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Fewer elderly people receiving long-term care despite rising demand

HCI Lead

The number of people receiving long term care has fallen for the last three years, according to figures published by NHS Digital.

new report shows the number of people aged 65 and over receiving long term care fell by 39,060 between 2015-16 and 2018-19. The research, which is based on data supplied by 152 councils, also revealed that requests for adult social support from local authorities rose by 3.8% between 2017-18 and 2018-19.

Gross current expenditure on adult social care by local authorities was £18.7bn in 2018-19, up by £807m on the previous year, a 4.5% increase. Long term support saw the biggest increase, of 4.8%, or £674m, to £14.6bn.

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The average cost of residential care for a person aged 65 and over rose from £604 per week in 2017-18 to £636 per week in 2018/19, while the average cost of nursing care for the same age band increased from £638 per week in 2017/18 to £678 per week in 2018/19.

Dr Alison Giles, Associate Director, Centre for Ageing Better, said: “Too many people in later life don’t get the care they need. We need an urgent solution to the growing crisis in social care.

“Demand is growing and resources are stretched, so right now only those with the highest levels of need get help. The risk is that those with less serious conditions will miss out on the care they need now, leading them to need much greater and potentially more costly support in the long run.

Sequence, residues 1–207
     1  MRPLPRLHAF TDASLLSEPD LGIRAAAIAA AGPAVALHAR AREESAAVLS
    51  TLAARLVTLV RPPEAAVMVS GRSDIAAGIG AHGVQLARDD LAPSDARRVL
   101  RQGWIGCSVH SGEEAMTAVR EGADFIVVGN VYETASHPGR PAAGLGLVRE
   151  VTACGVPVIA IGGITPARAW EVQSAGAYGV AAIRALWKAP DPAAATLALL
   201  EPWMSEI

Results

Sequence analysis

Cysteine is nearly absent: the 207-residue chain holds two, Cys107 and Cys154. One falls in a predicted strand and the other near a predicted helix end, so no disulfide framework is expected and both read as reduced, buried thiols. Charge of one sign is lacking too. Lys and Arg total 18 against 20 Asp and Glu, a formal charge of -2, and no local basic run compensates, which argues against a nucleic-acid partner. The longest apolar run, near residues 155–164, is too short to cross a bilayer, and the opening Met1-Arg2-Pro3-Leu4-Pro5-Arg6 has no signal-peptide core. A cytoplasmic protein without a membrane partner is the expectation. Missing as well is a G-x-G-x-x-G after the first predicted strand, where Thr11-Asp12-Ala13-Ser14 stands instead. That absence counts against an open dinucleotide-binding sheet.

“We desperately need a sustainable funding solution for social care. But we also need to reduce demand by investing in prevention. Disability, frailty and some forms of dementia can be prevented or delayed, so we must put more resource and effort into helping people to stay healthy and independent for as long as possible.”

Caroline Abrahams, Age UK’s charity director, added: “The fact that the numbers of older people are increasing but 40,000 fewer are receiving long term care means that the system is becoming even meaner and leaving more in need to fend for themselves.

“This is cause for very serious concern: how do they cope, especially if they lack family and friends nearby to help, which is by no means uncommon?”

“We know that for some people, obtaining care in the first place in some areas is near impossible. Indeed there are genuine worries that as we look toward next year we are seeing the prospect of total system collapse in the worst affected areas.

“Meanwhile too many older people are living with unmet care needs, a figure that continues to grow.”

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Lee Peart

The author Lee Peart

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